Back at the Brick­yard

The most fa­mous Aus­tralian mo­tor­sport name re­turned to the most fa­mous motor rac­ing arena in the world as Matt Brab­ham made his Indy 500 de­but, mak­ing it three gen­er­a­tions of the Brab­ham fam­ily rac­ing at the ‘Brick­yard’.

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The 100th Indy 500 was an oc­ca­sion to cel­e­brate on so many lev­els. Not the least of which was the en­try of Matt Brab­ham. His mere pres­ence in the eld set records: he be­came only the third third-gen­er­a­tion driver to qual­ify for the race, the Brab­ham fam­ily name join­ing that of Vukovich and An­dretti.

The Brab­ham name’s as­so­ci­a­tion with Indy is sub­stan­tial and signicant. It was Sir Jack Brab­ham who fun­da­men­tally changed the face of the race when he made his de­but in 1961 with an adapted F1 Cooper T54. Brab­ham’s Cooper was the only rear-en­gined car in a eld of tra­di­tional front-en­gined Indy road­sters. While Brab­ham did not win, his car showed the way of the fu­ture: by 1969 there were no front-en­gined cars in the eld.

Sir Jack’s son, Ge­off, made 10 Indy 500 starts for a best of fourth place in 1983.

Ge­off was on hand to guide his son through his Indy de­but in an en­try put to­gether in Aus­tralia by Gold Coast mo­tor­sport en­tre­pre­neur Brett Mur­ray. PIRTEK Team Mur­ray made its race de­but a few weeks out from the 500 in the Angie’s List Grand Prix of Indianapolis held on the Indy road cir­cuit (where Matt Brab­ham won in Indy Lights two years ear­lier), with Matt claim­ing a solid 16th on his Indycar race de­but.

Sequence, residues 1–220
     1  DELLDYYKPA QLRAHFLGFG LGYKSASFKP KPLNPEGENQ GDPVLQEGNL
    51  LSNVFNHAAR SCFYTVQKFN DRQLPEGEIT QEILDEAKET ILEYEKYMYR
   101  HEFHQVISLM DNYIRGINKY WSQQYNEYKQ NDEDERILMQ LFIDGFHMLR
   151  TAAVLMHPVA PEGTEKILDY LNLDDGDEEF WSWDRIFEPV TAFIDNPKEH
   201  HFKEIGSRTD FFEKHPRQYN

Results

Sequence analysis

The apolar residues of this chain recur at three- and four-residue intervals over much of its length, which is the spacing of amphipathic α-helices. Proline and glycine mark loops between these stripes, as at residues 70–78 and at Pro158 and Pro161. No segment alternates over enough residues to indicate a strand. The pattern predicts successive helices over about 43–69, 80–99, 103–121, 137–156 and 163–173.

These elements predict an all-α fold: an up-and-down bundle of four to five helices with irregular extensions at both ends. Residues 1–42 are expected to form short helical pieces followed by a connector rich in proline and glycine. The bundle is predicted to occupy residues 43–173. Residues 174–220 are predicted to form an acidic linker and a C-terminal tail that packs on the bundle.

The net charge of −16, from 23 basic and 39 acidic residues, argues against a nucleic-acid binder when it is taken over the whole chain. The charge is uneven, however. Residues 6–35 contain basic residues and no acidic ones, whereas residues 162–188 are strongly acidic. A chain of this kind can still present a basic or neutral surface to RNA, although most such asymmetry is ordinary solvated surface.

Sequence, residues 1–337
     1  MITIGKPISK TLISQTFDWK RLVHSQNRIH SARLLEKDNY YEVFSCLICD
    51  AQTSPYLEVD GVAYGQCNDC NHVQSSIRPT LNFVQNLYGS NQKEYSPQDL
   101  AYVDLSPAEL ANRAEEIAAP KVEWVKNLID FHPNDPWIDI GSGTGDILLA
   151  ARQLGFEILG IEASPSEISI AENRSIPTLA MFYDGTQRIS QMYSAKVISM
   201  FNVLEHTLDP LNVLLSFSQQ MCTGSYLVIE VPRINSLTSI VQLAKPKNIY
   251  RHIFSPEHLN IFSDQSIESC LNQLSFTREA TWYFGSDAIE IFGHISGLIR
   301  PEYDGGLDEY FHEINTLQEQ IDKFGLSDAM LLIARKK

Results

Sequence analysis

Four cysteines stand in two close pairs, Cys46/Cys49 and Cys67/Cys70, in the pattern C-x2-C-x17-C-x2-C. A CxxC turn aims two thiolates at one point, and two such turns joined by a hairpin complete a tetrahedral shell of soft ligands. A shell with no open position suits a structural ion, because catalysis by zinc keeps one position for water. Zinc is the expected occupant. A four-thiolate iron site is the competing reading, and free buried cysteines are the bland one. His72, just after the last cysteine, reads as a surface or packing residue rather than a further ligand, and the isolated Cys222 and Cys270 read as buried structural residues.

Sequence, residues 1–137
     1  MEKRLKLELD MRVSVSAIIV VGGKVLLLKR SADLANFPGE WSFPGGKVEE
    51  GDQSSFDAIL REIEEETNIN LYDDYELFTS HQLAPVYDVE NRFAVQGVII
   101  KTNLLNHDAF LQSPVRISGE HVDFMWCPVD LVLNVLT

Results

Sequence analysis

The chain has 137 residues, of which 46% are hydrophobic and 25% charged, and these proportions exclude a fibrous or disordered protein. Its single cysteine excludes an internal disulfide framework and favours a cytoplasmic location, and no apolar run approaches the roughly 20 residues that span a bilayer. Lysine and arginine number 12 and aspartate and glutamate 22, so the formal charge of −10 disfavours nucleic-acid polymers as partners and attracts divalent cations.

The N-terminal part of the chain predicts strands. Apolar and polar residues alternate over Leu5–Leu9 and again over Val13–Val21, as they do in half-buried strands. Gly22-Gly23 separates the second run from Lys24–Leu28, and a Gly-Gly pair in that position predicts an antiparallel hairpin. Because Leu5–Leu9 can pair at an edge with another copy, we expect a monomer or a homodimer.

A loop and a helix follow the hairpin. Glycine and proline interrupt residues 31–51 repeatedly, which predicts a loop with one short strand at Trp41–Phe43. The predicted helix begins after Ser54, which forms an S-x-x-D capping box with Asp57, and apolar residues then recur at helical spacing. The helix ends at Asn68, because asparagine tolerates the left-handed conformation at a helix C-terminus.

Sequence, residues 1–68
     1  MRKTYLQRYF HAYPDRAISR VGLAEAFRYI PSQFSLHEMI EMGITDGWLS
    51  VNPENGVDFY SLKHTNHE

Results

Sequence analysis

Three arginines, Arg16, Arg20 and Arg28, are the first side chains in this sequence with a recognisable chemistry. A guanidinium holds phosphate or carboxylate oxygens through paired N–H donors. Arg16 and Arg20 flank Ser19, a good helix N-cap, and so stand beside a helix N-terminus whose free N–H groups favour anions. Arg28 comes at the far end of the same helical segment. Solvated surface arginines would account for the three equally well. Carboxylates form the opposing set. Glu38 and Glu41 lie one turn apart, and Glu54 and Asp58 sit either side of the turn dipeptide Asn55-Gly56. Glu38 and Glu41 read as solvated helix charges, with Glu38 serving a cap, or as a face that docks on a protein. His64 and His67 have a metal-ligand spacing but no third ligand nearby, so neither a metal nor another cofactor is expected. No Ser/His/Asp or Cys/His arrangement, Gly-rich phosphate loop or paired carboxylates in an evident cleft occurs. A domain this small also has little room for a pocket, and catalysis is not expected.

The road course Indycar Se­ries round was one thing, but the ac­tual 4km speed­way was an­other mat­ter en­tirely. Just mak­ing it through the pro­longed and com­plex qual­i­fy­ing process was a ma­jor task in it­self – but it was one which the young­ster achieved with com­par­a­tive ease. A four-lap av­er­age speed of 226.389mph (364.338km/h) was enough to se­cure 26th slot on the 33-car eld.

Im­por­tantly, the 22-year-old rookie man­aged to stay out of trou­ble on a typ­i­cally event­ful day at the Brick­yard. Late in the race Brab­ham ran as high as 15th but fell back af­ter the last round of fuel stops to claim an even­tual 22nd.

“It is in­cred­i­ble to think that we nished this race,” he said after­wards. “Out there was a lit­tle sur­real, to be hon­est. It was an amazing ex­pe­ri­ence to be in the 100th Indy 500 race and now I can say that I have nished the Indianapolis 500 and am the third gen­er­a­tion of Brab­ham to do that. “The PIRTEK Team Mur­ray Chevro­let was good all day. Dur­ing some of the stints it de­vel­oped a vi­bra­tion. In the mid­dle of the race there, I was able to make up eight places which was a re­ally great feel­ing.

“I’m happy that we got through and that we were able to put on a good show. I can’t thank the guys from PIRTEK, the Chris Kyle Frog Foun­da­tion, Speed­cafe. com, all the other spon­sors, our tech­ni­cal part­ner KV Rac­ing Tech­nol­ogy and of course ‘Crusher’ (Brett Mur­ray) who has de­vel­oped this phe­nom­e­nal pro­gram that gave me the op­por­tu­nity to be in this race. “Let’s hope we can have an op­por­tu­nity to do more again.”

Mur­ray was both re­lived and de­lighted with the re­sult. His own com­mit­ment to the cam­paign was both fun­da­men­tal and sub­stan­tial, and he hopes now that Matt Brab­ham’s suc­cess­ful Indy de­but will open new doors for the young Aussie in Indycar rac­ing.

“Hope­fully plenty of peo­ple took notice of the team and what Matt achieved and that some­one will give him a shot.”

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